HSE issues advice on underground services after worker suffered burns to hand and face
The Health and Safety Executive (HSE) is advising construction firms of the need to plan carefully work situated near underground services, after a worker received a serious electric shock when he came in contact with live cabling.
Hogarth (Construction) Ltd was fined a total of £4,000 as well as £1,616 for failing to secure the safety of one of its employees.
Mark Dougherty suffered burns to his hand and face after accidently touching a live underground cable while working on a construction site at North Ferriby, East Yorkshire.
Although the company was aware that live underground cables were present on site, none of the workforce had been informed.
On 7 September 2006, while clearing an area, Dougherty picked up what he thought was a piece of rubbish. This was actually a termination box on a live three-phase 400-volt cable which had been uncovered during work on the site.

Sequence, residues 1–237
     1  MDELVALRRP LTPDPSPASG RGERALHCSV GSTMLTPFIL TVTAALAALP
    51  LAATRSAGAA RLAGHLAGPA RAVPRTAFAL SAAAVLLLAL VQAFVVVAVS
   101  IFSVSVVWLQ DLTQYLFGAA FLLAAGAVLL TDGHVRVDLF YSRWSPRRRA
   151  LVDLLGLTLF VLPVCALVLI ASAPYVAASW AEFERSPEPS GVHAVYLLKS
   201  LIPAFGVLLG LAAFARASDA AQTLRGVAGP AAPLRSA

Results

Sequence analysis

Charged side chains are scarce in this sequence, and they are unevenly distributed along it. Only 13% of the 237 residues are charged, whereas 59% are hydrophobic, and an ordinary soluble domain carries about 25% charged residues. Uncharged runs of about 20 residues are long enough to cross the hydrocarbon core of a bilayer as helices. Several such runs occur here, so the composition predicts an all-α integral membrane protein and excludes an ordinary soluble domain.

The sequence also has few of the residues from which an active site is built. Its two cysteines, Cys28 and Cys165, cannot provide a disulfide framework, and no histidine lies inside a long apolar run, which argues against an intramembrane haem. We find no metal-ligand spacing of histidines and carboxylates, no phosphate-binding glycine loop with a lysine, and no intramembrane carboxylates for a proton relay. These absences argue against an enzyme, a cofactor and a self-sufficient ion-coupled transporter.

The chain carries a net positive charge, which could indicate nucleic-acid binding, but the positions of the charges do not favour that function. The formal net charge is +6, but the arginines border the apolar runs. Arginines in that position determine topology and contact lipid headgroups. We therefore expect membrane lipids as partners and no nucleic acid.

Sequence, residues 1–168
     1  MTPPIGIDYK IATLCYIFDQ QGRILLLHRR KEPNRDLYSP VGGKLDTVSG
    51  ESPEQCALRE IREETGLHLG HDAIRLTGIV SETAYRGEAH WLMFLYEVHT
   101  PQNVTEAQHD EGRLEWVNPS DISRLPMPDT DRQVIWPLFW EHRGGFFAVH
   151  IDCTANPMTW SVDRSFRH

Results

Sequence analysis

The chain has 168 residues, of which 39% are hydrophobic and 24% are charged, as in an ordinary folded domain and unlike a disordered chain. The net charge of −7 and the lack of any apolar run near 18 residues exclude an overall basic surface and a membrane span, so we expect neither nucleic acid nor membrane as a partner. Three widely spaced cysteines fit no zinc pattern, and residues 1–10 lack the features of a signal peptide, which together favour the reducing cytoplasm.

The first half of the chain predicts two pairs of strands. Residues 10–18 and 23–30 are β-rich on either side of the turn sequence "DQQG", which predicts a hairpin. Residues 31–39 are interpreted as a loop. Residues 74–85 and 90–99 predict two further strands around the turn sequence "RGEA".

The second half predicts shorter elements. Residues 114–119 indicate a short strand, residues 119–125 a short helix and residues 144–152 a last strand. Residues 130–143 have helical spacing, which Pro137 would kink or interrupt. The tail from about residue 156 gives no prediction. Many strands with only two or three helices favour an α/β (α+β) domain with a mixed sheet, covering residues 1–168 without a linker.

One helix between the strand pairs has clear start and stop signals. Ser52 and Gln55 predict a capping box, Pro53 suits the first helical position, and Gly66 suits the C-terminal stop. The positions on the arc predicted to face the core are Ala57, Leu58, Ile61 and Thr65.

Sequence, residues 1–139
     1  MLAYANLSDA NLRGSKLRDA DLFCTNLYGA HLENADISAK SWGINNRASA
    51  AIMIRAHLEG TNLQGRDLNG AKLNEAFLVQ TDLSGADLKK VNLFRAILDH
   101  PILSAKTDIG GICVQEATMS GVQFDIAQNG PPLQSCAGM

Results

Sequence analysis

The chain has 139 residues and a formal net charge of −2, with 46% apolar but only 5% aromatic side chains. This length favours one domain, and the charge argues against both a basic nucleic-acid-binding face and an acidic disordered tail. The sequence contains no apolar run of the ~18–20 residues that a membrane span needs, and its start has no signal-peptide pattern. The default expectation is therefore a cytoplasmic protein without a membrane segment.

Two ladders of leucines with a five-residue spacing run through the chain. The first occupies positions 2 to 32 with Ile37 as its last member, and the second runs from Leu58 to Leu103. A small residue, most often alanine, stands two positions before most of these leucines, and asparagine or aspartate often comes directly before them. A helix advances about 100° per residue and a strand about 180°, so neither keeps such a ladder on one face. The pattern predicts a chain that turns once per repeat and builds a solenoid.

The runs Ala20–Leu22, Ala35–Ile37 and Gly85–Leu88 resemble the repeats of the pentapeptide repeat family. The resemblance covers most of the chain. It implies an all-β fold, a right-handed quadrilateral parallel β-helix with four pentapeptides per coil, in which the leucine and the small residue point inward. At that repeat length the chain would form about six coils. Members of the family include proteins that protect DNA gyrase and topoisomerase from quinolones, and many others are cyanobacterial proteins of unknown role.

As he touched the box he received an electrical shock that burned his hand and face.
HSE inspector David Stewart commented that the worker was extremely fortunate to only receive superficial burns as this type of incident often has fatal consequences.
He said: "Nationally, there were 18 worker fatalities due to contact with electricity in 2006/7, nine of these involving workers in the construction industry.
"The dangers associated with live underground cables are well known and HSE guidance on how to control these risks is readily available."